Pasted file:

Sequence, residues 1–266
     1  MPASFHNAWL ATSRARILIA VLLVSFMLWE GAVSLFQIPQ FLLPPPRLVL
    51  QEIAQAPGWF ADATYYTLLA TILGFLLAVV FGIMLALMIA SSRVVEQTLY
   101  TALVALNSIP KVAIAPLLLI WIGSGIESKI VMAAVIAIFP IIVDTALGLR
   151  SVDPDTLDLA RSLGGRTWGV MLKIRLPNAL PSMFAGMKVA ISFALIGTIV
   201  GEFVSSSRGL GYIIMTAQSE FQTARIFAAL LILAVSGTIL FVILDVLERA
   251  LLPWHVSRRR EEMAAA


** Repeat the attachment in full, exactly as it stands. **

Sequence, residues 1–266
     1  MPASFHNAWL ATSRARILIA VLLVSFMLWE GAVSLFQIPQ FLLPPPRLVL
    51  QEIAQAPGWF ADATYYTLLA TILGFLLAVV FGIMLALMIA SSRVVEQTLY
   101  TALVALNSIP KVAIAPLLLI WIGSGIESKI VMAAVIAIFP IIVDTALGLR
   151  SVDPDTLDLA RSLGGRTWGV MLKIRLPNAL PSMFAGMKVA ISFALIGTIV
   201  GEFVSSSRGL GYIIMTAQSE FQTARIFAAL LILAVSGTIL FVILDVLERA
   251  LLPWHVSRRR EEMAAA